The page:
Stone imports increase 30% in 2004

May 1, 2005
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The U.S. role as a consumer of natural stone continues to increase at a rapid pace, as it imported $1.95 billion worth of stone in 2004. This represents an all-time high, and an increase of nearly 30% over 2003, when stone imports reached a total of $1.51 billion. It is also nearly 125% more than the total of $870 million that was reached five years ago.

Breaking it down by material, the U.S. imported 1.8 million tons of granite, with a value of $967 million; 1.3 tons of marble, with a value of $836.6 million; $103.2 million worth of slate; and $39.9 million worth of other materials, such as dolomite or sandstone. It should be noted that the government classification for “marble” includes all calcareous materials, so limestone and travertine imports are technically recorded as marble by the U.S. Department of Commerce.

Interestingly, granite imports had a higher value than marble imports for the first time ever. This fact is easily explained by ever-growing popularity of granite kitchen countertops in residential environments. This has increased U.S. imports of granite slabs significantly over the past few years, and that trend is expected to continue in the future.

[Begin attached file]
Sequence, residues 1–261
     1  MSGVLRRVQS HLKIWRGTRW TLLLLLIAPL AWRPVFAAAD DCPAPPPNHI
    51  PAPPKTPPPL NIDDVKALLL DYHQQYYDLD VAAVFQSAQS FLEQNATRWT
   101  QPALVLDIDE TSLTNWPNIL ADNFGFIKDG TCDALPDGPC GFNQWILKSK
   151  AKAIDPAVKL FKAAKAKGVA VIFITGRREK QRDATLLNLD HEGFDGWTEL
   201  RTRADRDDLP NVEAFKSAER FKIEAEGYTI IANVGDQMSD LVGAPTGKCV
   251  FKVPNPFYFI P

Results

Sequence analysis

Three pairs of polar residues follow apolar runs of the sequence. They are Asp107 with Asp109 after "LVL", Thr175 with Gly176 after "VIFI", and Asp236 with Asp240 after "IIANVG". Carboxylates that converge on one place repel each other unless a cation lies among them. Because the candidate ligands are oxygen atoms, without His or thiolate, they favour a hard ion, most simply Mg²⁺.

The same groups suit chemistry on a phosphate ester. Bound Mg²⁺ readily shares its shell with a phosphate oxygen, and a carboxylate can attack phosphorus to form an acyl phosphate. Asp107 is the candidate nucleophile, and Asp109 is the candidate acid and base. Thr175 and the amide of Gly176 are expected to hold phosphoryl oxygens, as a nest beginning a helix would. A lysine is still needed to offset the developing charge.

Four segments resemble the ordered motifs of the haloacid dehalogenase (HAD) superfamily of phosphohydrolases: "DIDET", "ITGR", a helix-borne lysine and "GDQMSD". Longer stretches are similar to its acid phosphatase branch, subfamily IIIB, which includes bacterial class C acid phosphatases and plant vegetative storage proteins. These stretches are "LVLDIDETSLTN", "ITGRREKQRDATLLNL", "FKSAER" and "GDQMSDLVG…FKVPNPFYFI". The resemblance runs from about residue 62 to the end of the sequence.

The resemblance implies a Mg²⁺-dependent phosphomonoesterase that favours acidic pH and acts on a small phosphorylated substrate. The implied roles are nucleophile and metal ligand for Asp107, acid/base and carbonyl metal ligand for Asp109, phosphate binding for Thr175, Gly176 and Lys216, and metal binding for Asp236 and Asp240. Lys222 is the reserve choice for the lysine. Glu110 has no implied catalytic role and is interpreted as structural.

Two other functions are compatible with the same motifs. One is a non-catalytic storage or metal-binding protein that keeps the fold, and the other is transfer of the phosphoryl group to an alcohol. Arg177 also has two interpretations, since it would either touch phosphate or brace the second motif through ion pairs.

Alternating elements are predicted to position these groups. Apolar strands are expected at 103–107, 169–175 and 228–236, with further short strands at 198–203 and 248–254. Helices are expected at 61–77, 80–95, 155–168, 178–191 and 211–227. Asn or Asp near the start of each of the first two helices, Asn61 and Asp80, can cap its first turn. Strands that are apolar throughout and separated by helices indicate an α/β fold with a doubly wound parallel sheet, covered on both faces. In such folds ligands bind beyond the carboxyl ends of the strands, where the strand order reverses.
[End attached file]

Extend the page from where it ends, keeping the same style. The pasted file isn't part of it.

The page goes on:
Italy remains far and away the leading exporter of natural stone to the U.S. in terms of dollars, leading in the categories of both granite and marble. Breaking it down by material, Italy exported over 294,000 tons of granite to the U.S. in 2004, with a value of $277.9 million. It also exported over 290 tons of marble, with a value of $185.6 million, $8.1 million worth of slate and $600,000 worth of other materials such as dolomite and sandstone. In all, exports of stone from Italy to the U.S. totaled approximately $471.9 million dollars.